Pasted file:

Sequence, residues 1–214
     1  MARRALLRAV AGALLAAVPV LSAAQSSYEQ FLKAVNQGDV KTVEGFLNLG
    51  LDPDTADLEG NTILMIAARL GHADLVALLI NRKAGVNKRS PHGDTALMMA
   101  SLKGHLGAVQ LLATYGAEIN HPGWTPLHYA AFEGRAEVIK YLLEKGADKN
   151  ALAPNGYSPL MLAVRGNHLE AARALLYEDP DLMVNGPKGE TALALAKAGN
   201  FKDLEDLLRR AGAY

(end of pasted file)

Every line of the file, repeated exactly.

Sequence, residues 1–214
     1  MARRALLRAV AGALLAAVPV LSAAQSSYEQ FLKAVNQGDV KTVEGFLNLG
    51  LDPDTADLEG NTILMIAARL GHADLVALLI NRKAGVNKRS PHGDTALMMA
   101  SLKGHLGAVQ LLATYGAEIN HPGWTPLHYA AFEGRAEVIK YLLEKGADKN
   151  ALAPNGYSPL MLAVRGNHLE AARALLYEDP DLMVNGPKGE TALALAKAGN
   201  FKDLEDLLRR AGAY